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Rebuilding Relationships in Recovery

What is a healthy relationship?

A relationship is often considered to be a close friendship between two people. This can either be between friends, colleagues or a romantic relationship where two people are intimately involved.  A healthy relationship should bring out the best in you and make you feel good about yourself. Relationships can have their ups and downs; however, they are generally long lasting if the issues between each other can be resolved.

Signs of a healthy relationship

How does one know if they are in a healthy relationship? Signs of a healthy relationship include : trust, honesty, independence, respect, equality, compassion, taking responsibility, loyalty and good communication.

In some instances, the above-mentioned signs can also be unhealthy if they are not balanced. This can lead to other issues such as co-dependency and toxic relationships. For example, in active addiction, there may be some instances where the relationship is enabling or rescuing the addict. This is not good for the addict who is trying to get clean. Mental Health America states that co-dependency “is known as ‘relationship addiction’ because people with co-dependency often form or maintain relationships that are one-sided, emotionally destructive and/or abusive.”

So, how do healthy relationships fit into recovery?

Relationships and recovery

Often, people will seek out treatment for their addiction in order to save a broken relationship or their significant others have threatened to leave them. Parents may have employed tough love in order to save their children which often leaves the addict full of resentment. The most common reason for women entering treatment is to keep their children. But why do addicts come into treatment with different forms of broken relationships?

Addicts and relationships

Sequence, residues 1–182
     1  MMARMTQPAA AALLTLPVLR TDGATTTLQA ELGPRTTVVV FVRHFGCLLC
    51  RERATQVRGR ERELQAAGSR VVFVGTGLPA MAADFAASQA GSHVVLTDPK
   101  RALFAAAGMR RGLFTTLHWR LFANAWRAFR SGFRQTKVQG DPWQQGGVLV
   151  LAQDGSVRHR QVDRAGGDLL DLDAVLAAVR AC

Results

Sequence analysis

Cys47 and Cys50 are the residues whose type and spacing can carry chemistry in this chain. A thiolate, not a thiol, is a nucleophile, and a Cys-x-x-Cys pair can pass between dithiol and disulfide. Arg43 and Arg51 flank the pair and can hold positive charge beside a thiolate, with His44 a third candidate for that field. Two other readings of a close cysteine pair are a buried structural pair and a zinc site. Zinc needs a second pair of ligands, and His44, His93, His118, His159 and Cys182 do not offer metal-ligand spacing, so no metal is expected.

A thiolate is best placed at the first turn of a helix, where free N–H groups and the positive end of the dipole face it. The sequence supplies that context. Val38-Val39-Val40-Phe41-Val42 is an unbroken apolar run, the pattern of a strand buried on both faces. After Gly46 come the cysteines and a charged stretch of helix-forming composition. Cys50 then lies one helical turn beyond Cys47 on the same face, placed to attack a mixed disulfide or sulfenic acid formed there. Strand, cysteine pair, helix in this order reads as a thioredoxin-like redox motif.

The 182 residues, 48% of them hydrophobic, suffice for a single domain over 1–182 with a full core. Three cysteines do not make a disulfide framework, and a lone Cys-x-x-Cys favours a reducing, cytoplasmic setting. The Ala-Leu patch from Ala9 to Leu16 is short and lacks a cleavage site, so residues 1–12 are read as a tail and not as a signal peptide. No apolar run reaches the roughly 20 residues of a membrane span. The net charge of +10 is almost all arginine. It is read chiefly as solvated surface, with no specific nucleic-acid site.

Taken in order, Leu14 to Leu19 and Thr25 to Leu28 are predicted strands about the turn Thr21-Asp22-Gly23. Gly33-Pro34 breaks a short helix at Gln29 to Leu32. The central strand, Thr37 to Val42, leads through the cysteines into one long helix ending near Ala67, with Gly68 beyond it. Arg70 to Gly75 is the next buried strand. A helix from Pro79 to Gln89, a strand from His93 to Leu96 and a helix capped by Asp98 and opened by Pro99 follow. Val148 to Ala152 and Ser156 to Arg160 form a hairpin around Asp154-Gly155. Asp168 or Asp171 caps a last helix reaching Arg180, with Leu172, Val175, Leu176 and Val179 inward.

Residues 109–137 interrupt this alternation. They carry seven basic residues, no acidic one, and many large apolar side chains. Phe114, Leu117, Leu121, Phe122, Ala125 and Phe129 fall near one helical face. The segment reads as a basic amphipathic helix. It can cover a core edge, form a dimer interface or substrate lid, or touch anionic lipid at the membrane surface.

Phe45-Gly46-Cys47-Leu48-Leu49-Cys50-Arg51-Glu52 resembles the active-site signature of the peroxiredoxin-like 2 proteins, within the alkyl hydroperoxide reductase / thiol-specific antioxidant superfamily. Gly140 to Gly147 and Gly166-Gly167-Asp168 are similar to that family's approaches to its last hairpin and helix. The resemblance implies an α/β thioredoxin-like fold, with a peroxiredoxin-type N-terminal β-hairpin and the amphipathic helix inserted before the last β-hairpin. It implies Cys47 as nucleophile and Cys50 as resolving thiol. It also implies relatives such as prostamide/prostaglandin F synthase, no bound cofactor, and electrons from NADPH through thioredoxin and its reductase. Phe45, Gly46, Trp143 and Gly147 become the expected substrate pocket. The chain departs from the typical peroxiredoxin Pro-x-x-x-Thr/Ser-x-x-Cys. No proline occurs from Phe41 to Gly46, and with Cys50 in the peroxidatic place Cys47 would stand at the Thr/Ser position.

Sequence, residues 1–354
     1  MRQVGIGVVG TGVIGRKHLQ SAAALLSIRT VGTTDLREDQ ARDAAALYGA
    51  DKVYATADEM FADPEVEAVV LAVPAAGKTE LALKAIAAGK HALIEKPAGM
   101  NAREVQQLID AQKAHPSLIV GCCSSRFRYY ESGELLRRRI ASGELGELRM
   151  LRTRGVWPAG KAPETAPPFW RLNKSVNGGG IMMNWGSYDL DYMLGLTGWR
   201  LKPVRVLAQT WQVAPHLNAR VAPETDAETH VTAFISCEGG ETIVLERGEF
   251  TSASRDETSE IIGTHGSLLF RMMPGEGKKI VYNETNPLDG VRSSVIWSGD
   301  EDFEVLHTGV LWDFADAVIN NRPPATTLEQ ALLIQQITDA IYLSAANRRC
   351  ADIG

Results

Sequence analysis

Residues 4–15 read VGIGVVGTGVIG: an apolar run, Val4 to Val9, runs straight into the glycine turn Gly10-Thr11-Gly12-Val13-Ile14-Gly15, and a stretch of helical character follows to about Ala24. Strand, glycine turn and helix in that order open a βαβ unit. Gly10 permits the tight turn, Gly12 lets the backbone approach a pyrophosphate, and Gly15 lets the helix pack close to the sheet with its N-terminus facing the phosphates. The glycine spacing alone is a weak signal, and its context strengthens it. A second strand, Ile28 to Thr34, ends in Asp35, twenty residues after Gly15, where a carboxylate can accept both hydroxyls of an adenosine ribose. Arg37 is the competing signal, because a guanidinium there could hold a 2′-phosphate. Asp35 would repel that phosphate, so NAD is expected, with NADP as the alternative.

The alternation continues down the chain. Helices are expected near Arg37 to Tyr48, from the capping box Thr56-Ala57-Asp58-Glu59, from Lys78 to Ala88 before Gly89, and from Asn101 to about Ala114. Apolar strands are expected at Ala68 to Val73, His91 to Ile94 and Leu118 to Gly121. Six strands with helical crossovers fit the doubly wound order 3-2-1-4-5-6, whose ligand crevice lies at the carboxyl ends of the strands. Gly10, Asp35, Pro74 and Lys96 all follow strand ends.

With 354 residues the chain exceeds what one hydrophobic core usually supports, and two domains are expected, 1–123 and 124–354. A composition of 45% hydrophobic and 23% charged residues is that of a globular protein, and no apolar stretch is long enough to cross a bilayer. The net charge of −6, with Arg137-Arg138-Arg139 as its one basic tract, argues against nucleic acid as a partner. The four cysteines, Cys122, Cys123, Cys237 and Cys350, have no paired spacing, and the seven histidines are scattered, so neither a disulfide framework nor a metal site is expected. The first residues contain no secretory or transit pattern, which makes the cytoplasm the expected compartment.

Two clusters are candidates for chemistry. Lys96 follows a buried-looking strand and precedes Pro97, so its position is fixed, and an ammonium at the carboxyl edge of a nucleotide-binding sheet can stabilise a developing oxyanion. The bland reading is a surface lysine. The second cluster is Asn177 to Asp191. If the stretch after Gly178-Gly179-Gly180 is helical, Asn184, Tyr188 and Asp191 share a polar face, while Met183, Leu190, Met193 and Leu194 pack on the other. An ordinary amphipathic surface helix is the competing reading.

People that suffer with the disease of addiction are often selfish and self-centred, dishonest and manipulative. They will do anything to get their next fix. The consequences of active addiction are often severe. Family members, colleagues and loved ones have lost trust and faith in the addict. Sometimes, the addict is involved in a toxic relationship where the other person is also using drugs and alcohol, or they are enabling the addict which keeps the addict sick.

Sometimes addicts are dumped in facilities when family and loved ones don’t know what to do with them.

How does the addict rebuild relationships in recovery ?

It is important for recovering addicts to rebuild broken relationships by becoming more selfless, considerate, honest and caring. Healthy relationships in recovery should consist of positive, healthy support from those involved. If trust, is to be regained, the addict should continue working a program of recovery in order to stay stay clean and sober. Their recovery must be their priority. They should take their relationships slowly and know when to walk away from relationships that are not working for them.

There are support groups such as Al-anon and Nar-anon for families who need help coping with the stress of having a loved one who suffers from the disease of addiction.

  • Dominique Le Claire Rossouw

www.crossroadsrecovery.co.za

+27 012 345 1186 Pretoria

+27 010 597 7784 Johannesburg

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